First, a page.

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How to Grow a Deer Food Plot

Learn how to grow a basic deer food plot for just $100
Tony Hansen Avatar

feeding buck
A buck, nose-deep in forage. Lance Krueger

Why do we insist on making things so difficult? Clear the weeds; plant the seeds. A functional food plot need not be more complicated than that.

I am not a farmer, nor have I played one on TV. But I have established some deer food plots that drew plenty of attention from local whitetails. And I’ve done it without a tractor, a soil test, or owning a stitch of clothing in John Deere green. Most of my deer food plots average about a quarter to a half acre in size. Each requires an investment of less than $100 and just four hours to plant. I’ve not yet trademarked my process, but I have given it a moniker: The Cheap-Ass Plot.

The Cheap-Ass Plot is intended for one purpose: hunting. It’s not meant to provide tons of food for growing antlers in the off-season, to sustain deer throughout the winter, or to provide a lush background for hero photos. It’s meant to give deer a green destination when most ag crops are starting to turn brown. Thus the choice for forage is simple: oats.

Prep Work
Choose a location with a natural opening that allows sunlight to reach the ground and is easy to access without alerting deer bedded nearby. Load up a hand sprayer (about $10) with a solution of water and glyphosate–a chemical best known by the brand name Roundup. Ignore the urge to buy a product based on its name and you’ll get the very same chemical in generic format for much less at your local co-op or feed store.

Read the product’s label to determine the ratio of herbicide to water. Typically, I need about $15 to $20 worth of glyphosate for a half-acre plot and can spray it in about an hour. Give it a few days to work its magic after spraying. Once everything is dead, it’s time to clear the plot.

An ATV with a harrow drag can help tremendously here. But this is the Cheap-Ass Plot, so we’re going to use a metal-tined garden rake. The role of the rake is pretty self-explanatory and, at about $15, pretty inexpensive. You’ll also need a couple of bottles of sweet tea ($1 apiece). Just rake off as much of the dead foliage as you can. Cheap labor can pay dividends here. I suggest enlisting a 12-year-old who has designs on hunting the plot this fall. As he’s raking, you’ll notice between sips of tea that he’s also lightly working the soil. This is a good thing.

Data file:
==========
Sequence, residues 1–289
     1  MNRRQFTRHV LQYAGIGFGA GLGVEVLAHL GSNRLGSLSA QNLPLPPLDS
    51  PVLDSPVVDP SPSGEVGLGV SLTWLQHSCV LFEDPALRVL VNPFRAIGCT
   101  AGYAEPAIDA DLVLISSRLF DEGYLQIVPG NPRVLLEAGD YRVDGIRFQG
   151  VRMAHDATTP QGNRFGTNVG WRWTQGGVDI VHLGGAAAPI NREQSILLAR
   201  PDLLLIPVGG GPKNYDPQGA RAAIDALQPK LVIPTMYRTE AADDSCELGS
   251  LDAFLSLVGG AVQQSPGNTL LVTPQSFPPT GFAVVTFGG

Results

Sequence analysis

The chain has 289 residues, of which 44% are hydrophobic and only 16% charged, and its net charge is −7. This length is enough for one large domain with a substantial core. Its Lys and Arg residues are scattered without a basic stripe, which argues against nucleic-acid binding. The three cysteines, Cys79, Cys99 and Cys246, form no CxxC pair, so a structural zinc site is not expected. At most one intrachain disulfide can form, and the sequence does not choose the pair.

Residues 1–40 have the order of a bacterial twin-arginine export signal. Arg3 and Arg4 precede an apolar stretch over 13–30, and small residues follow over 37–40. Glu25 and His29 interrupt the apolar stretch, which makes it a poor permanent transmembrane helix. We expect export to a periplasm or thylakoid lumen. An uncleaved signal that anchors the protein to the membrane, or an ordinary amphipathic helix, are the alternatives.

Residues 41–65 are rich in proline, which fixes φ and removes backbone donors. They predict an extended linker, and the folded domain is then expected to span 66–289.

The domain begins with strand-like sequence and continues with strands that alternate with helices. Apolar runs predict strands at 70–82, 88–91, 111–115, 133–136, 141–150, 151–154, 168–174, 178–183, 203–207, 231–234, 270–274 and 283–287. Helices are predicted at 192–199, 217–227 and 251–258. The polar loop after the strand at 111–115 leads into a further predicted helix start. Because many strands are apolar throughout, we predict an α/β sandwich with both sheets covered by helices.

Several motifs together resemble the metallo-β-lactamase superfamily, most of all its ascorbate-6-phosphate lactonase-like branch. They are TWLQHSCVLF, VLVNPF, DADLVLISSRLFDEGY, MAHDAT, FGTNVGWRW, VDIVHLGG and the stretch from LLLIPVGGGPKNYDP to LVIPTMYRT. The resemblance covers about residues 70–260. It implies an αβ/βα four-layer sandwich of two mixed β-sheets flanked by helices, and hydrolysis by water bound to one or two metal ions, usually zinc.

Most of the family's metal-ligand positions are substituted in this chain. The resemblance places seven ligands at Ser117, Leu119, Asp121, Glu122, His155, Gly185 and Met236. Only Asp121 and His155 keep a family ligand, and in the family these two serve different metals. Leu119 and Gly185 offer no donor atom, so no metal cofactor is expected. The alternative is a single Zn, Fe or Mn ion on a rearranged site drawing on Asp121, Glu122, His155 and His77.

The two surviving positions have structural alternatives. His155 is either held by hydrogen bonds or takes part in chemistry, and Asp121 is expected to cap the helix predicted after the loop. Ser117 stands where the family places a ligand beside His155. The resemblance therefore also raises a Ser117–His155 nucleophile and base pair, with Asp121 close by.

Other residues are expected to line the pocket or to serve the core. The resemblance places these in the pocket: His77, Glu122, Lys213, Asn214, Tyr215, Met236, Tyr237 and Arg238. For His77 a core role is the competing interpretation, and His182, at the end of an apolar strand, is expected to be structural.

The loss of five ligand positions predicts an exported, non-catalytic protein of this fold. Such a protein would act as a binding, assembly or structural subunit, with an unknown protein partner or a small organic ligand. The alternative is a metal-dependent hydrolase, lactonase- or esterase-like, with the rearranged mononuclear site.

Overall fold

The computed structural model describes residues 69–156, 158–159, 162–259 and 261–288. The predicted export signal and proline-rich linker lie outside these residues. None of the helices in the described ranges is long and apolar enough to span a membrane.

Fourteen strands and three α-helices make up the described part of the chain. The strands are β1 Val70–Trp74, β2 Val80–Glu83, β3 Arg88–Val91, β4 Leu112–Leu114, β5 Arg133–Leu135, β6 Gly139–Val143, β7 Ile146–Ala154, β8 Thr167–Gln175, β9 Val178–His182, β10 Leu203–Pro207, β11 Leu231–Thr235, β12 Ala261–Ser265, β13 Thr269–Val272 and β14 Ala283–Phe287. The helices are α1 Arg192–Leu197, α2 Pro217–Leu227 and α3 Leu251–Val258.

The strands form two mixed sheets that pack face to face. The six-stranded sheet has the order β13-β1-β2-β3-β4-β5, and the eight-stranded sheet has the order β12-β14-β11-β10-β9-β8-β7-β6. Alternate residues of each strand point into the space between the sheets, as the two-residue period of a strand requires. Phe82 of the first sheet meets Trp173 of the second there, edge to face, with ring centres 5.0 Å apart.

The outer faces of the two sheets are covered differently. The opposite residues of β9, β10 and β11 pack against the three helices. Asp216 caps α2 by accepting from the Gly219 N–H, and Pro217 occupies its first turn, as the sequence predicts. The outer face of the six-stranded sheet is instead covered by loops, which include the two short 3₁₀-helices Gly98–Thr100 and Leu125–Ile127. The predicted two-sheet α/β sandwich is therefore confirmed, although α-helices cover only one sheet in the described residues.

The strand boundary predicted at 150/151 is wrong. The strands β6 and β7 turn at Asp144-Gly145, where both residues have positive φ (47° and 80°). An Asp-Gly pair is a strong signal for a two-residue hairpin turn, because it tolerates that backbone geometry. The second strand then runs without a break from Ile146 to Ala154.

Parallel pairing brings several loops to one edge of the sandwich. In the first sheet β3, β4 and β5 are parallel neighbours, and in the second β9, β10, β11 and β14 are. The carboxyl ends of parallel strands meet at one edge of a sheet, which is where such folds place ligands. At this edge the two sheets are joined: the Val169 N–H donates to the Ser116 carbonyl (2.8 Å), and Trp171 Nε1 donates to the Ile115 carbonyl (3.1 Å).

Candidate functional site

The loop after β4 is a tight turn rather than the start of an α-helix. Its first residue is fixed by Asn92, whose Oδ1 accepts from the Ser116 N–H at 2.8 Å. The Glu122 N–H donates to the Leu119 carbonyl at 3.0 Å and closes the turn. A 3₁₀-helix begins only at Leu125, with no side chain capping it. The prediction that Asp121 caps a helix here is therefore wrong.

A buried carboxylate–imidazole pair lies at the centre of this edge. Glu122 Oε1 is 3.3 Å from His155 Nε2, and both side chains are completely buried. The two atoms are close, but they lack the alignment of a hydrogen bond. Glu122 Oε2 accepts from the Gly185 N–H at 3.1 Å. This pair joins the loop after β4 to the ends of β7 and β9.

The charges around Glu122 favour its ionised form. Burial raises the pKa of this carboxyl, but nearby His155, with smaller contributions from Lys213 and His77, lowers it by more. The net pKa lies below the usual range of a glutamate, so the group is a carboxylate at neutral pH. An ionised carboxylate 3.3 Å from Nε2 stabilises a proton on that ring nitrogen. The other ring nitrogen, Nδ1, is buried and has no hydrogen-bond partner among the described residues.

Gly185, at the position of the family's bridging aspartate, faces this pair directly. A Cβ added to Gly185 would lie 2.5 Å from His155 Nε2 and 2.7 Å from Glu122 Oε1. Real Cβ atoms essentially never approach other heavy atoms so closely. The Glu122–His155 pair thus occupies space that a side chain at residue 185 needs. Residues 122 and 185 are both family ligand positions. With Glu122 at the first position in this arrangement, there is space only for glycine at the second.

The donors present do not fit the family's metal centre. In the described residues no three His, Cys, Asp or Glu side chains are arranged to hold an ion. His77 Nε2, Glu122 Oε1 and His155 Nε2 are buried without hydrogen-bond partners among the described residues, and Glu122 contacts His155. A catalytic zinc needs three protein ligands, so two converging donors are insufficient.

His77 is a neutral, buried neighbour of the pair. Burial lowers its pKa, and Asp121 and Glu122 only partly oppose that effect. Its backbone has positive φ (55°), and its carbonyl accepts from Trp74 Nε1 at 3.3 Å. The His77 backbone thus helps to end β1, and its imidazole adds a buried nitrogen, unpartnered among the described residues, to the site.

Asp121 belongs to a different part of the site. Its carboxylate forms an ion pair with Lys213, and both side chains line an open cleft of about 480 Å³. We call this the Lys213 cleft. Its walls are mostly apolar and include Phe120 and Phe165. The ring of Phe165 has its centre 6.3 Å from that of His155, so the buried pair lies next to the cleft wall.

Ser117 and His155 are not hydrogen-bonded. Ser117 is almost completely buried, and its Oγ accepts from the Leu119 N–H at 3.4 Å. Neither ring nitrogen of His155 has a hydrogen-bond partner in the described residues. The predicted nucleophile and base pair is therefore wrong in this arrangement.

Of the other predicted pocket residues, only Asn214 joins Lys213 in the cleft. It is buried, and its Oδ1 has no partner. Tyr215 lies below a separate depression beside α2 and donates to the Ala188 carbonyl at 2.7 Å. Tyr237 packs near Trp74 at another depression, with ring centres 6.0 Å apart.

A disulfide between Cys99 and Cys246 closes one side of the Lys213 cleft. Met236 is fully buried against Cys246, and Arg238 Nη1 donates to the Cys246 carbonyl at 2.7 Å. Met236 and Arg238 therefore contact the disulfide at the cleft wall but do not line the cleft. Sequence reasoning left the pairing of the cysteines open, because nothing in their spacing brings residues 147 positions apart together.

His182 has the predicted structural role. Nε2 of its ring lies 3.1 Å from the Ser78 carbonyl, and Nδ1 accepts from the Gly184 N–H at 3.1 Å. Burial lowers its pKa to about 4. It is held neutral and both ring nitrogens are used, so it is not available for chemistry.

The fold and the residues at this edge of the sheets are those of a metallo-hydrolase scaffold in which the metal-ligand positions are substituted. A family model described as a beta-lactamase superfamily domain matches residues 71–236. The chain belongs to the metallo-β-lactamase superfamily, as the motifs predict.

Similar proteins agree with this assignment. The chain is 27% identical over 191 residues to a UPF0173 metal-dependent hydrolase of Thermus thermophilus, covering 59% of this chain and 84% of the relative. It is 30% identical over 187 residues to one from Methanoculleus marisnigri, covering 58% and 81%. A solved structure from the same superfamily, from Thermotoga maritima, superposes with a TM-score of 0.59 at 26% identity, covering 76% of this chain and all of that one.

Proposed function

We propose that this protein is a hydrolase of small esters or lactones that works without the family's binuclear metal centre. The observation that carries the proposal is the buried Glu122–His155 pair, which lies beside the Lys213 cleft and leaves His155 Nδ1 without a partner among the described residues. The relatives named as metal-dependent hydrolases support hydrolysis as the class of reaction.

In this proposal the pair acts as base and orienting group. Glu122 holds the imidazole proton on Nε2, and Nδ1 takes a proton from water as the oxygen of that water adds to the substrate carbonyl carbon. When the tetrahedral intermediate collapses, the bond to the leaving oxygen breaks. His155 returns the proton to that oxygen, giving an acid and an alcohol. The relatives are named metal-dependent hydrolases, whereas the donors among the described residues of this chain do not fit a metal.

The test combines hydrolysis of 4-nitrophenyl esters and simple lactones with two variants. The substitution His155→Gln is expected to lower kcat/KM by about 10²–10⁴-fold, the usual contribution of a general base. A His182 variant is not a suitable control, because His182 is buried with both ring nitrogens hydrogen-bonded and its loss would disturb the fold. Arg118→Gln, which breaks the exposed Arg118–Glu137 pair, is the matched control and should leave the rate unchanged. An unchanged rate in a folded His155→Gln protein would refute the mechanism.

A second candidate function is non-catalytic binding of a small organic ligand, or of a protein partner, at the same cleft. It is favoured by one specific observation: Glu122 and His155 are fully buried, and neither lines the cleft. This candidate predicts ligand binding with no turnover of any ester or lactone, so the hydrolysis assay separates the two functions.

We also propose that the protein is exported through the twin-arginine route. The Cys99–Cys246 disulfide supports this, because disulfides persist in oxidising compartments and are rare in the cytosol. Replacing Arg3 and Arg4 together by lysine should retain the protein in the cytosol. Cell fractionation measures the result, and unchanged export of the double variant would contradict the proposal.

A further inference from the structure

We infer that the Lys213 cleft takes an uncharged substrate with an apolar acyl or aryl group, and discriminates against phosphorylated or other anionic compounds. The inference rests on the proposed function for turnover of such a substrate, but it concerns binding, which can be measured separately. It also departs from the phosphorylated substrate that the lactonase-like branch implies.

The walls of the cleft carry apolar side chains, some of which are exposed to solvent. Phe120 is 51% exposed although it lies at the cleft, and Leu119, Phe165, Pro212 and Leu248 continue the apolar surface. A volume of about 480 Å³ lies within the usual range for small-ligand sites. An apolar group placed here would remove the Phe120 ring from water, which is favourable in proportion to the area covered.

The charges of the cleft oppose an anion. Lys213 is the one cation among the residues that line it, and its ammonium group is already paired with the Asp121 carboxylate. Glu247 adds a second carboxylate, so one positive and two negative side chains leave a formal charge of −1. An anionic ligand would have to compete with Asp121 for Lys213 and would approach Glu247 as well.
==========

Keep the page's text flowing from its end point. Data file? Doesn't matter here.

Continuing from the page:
Time to Plant
Use a hand-held broadcaster ($20) to distribute the seed. I buy winter-hardy oat seed varieties at local elevators in nondescript brown bags. There are plenty of oats marketed specifically to hunters. I’ve tried them and noticed just one difference between them and the brown-bag oats: the price. Generic oats run about $25 per 50-pound bag, which covers half an acre.

With the seed on the ground, it’s time to go over the plot one more time with the rake, making sure to cover the seed as best as you can by raking it into the soil. Oats germinate quickly and deer will begin to devour those lush green shoots almost immediately. In my home state of Michigan, bow season opens October 1, so by planting the Cheap-Ass Plot around the end of August or early September, I’m in business by the time bow season begins.

If you want to make your plot really shine come bow season, broadcast urea at a rate of 50 pounds per acre with your hand spreader about two weeks before the opener.

Urea is 46-0-0 nitrogen fertilizer. Again, I’m not a farmer and certainly not a chemist. But, in terms of drawing deer, those tender green plants are appealing because they’re loaded with chlorophyll, which is used in photosynthesis. Photosynthesis creates food for the plant in the form of sugar, and it all begins with nitrogen.